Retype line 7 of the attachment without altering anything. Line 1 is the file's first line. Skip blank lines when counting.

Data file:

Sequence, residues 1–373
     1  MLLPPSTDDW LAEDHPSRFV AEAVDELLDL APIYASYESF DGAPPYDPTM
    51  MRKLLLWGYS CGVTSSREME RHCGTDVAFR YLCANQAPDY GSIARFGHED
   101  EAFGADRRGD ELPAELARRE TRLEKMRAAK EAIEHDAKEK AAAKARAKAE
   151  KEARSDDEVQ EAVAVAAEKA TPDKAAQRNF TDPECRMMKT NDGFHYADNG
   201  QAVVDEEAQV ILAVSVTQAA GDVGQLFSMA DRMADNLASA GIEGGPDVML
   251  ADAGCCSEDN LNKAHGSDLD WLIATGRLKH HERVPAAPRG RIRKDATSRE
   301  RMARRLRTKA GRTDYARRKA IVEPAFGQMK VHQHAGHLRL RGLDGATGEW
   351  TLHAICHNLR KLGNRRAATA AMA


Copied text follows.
   251  ADAGCCSEDN LNKAHGSDLD WLIATGRLKH HERVPAAPRG RIRKDATSRE